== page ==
This third week of the year was a little odd, albeit rather routine.
I didn’t teach very much this past week, which doesn’t really bother me. Living and working in Thailand, you come to expect more cancellations than not. I don’t ever have classes on Tuesdays at the large municipal school where I spend my mid-mornings to early afternoons but I still journeyed to my agency that day in order to teach a two-and-a-half hour lesson in the evening. I was informed five or ten minutes before class time that the student was ill. Wednesday was National Teacher’s Day in Thailand so all the government schools were closed and the students were extremely ill-behaved on Thursday. I was quite strict with them on Friday and they settled down somewhat. My evening student cancelled again on Thursday and a young girl I’ve been teaching for nearly a year now cancelled her Saturday morning lesson. On both of these particular days, the students had cancelled at least a day in advance but nobody thought to inform me to save me the bus trip to the agency. It’s really annoying, but I can always find something to do in the office.
The week of January 7-13, 2019, was fairly active in my little world extending between my home in the heart of Old Town Phuket, Thailand, and a bit west to my office in the bowels of the Central Festival mall smack dab in the center of the island with frequent stops approximately halfway between those two locations on those days that I teach high school in the huge Plukpanya Municipal School. I rarely venture outside of this rather narrow band.
At long last, the silence has been broken! Honestly, I start too many entries in a similar fashion on this blog. The last period of activity stretched from the end of July 2018 until i posted my New Year’s Eve shaky-cam video earlier this week. I haven’t checked but I believe it to have been the longest gap in the history of Asian Meanderings and perhaps going back as far as ‘Burque Blog. Does anybody remember that incarnation?
As the end of 2018 approached, I thought that the best way to rejuvenate what was once my one and only blog was by taking a look at the year that was. I began sorting through photos taken and journal entries written each day in attempts to find something interesting to highlight. There were quite a few blog-worthy happenings throughout the year but I quickly bored of trying to find them and put them into a form that people would actually enjoy reading! I got as far as mid-March before I abandoned the project.
I love flags. Since starting my A Stamp A Day blog some fourteen months ago, I have made flags and coats of arms a feature of each entry.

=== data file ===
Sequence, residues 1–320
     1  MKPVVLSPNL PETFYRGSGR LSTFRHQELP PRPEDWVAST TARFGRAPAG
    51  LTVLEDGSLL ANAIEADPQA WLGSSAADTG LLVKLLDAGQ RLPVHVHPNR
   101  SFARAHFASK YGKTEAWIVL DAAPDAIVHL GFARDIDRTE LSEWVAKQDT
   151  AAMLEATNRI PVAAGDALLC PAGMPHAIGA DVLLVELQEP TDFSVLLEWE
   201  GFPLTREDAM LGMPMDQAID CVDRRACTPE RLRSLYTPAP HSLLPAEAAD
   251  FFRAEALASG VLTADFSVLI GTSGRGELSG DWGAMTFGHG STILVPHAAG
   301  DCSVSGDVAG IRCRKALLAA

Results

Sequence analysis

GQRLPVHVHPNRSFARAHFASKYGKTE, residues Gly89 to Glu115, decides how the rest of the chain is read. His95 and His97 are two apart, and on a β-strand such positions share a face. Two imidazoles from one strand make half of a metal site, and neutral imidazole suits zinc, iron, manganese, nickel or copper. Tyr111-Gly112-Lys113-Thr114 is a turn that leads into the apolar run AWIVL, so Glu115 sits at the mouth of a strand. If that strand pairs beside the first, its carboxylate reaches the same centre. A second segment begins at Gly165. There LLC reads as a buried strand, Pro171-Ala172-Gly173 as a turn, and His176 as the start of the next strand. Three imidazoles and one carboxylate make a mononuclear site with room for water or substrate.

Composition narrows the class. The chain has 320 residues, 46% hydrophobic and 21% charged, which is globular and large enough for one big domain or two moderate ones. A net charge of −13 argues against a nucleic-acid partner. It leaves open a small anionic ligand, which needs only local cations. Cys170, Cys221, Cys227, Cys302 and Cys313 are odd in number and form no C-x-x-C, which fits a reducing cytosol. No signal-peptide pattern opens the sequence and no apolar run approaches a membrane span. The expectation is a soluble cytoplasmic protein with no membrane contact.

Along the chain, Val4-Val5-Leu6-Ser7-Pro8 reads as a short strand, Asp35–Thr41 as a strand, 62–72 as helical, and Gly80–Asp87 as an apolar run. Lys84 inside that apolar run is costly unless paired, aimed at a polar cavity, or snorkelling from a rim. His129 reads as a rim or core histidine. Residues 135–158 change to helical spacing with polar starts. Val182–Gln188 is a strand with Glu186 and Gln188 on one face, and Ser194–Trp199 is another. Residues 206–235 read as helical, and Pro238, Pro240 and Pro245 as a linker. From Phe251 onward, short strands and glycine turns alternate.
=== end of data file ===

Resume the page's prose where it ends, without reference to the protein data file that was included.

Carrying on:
Indeed, my daily commitment to that blog is one of the reasons that there are often long periods of inactivity on my other blogs. I decided to take a brief break from “ASAD” this weekend; I’d published a more than 16,300-word article about the discovery of RMS Titanic on Friday that wore me out. My intention was to stay away from the computer this weekend…
“Creating” a flag for Phuket was never on my to-do list.
I never really paid attention to provincial flags growing up and very few of the flags of the individual United States intrigued me aside from those of Hawaii and New Mexico. I was thrilled, however, to discover the flag of Penang in Malaysia when I first visited there around 2010. I wondered why didn’t Phuket have its own banner.
Recently, I taught a class about the current tricolor flag of Thailand which will celebrate the 100th anniversary of its adoption later this month. The main reason that the colors of red, white and blue were chosen were that the king of Siam wanted to show his support for the Allied nations against Germany after he’d joined them in the First World War. I thought again that Phuket needed its own flag.
A design idea popped into my head as I was writing my “ASAD” entry last night about taking a blogging break. The entries there always end with an appropriate flag and coat of arms.
Some of my favorite flags have always been those of the British Commonwealth which featured the Union Jack in the canton (upper left portion) of the flags along with an emblem, coat of arms, or other symbol in the fly portion. It’s an enduring symbol of power, I feel. It was only recently that I discovered a few French territories had the same sort of flag with the French tricolor in the canton.